One of the most favorite pastimes of people is traveling. There is local traveling as well as international traveling. However, the majority of tourists seem to international travels more satisfying that local travels. For example, millions of international travelers visit Salta annually. Those who use Salta travel guide find it more interesting than the others.
Some people make it a habit of going on tours every year. They have their reasons for it, though; a few of them are common. People love to experience different cultures, weather and all the different activities not found in their native land. Those who come to Salta should expect to go back with similar and greater experiences.
One of the most annoying things on a tour is going to a place and missing out on the great features. This is something that can only happen to you if you do not have a guide. For example, in this city, you do not want to miss the Parque San Martin, the Salta cathedral or the MAC.
One of the things you should determine before going to any place is how you will be moving around. You should know the safest, cheapest and most convenient modes of traveling. These factors do not always coincide, and you will need one at any time or the other. This is another advantage of using a guide; you get to know all the facts pertaining to travelling.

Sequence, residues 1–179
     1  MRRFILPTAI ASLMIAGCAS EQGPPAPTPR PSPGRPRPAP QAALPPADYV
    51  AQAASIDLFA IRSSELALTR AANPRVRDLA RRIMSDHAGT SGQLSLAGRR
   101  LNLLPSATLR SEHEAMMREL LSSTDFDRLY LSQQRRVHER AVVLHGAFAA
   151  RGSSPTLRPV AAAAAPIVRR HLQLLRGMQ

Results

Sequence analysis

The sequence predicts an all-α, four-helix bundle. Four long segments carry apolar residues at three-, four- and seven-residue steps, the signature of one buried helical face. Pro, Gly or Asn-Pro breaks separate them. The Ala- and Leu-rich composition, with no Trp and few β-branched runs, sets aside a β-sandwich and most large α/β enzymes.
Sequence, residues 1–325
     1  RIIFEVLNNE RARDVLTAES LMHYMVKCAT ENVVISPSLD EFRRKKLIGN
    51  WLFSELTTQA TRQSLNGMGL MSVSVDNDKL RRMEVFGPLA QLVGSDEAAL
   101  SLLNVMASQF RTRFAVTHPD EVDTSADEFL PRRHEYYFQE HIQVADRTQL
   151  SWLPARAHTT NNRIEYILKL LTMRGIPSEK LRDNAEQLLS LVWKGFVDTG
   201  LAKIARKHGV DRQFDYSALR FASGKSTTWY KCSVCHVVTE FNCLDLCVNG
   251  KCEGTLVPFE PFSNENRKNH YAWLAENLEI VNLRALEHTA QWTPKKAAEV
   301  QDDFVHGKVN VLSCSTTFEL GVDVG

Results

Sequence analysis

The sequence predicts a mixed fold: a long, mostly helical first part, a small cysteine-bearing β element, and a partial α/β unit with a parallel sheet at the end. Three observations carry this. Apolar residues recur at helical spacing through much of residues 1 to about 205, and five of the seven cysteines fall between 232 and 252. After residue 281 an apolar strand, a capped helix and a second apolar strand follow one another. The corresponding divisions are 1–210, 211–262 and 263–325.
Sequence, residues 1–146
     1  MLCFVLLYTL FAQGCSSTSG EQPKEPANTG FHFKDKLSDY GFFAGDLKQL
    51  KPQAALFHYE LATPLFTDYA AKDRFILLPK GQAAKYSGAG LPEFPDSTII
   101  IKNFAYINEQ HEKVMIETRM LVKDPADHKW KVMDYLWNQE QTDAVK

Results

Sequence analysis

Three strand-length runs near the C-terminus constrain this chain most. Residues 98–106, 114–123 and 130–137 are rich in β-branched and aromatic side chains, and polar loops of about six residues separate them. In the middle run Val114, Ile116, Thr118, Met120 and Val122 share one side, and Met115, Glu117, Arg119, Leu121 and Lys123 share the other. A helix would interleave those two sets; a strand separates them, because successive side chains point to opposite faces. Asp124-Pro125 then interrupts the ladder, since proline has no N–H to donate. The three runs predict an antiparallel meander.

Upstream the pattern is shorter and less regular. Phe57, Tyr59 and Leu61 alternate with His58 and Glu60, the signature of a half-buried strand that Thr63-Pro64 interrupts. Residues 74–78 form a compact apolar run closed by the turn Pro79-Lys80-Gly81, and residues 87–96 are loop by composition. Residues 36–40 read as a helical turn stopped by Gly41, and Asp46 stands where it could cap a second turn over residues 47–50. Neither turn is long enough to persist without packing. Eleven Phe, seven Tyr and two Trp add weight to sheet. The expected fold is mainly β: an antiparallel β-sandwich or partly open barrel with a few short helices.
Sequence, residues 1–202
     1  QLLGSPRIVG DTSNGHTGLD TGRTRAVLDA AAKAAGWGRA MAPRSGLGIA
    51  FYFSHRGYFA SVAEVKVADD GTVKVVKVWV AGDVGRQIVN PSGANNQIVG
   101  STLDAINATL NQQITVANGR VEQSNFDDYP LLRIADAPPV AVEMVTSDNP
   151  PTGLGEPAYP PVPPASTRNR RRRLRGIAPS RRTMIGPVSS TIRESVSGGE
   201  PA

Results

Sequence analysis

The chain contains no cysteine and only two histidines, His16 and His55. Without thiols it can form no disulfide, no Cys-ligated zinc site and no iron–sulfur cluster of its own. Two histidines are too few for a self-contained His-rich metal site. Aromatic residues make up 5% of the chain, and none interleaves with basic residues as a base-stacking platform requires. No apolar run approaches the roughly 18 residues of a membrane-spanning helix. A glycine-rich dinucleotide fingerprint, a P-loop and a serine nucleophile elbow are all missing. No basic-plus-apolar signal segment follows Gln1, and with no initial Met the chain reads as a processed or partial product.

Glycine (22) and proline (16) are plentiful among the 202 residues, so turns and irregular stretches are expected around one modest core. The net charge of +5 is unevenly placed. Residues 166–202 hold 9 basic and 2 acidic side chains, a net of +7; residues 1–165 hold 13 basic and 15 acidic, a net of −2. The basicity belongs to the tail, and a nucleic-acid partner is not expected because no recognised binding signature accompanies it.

Whether it is art, culture, weather or animals taking you to South America, and on to Argentina, you do not want to miss out on a taste of city life. Compared to most cities in the world, Salta has a relatively slow pace of life. The usual hustle and bustle that annoys so many people all over the world is lacking. In fact, this area has a peace and tranquility that you can only experience if you visit it.
Even if the temperature is high, you can easily escape it. There are lots of green places within the city just for those times when the heat is too high. Many people rest in these places as they wait for the temperature to drop. This is something the planners of the city envisioned and executed a long time ago.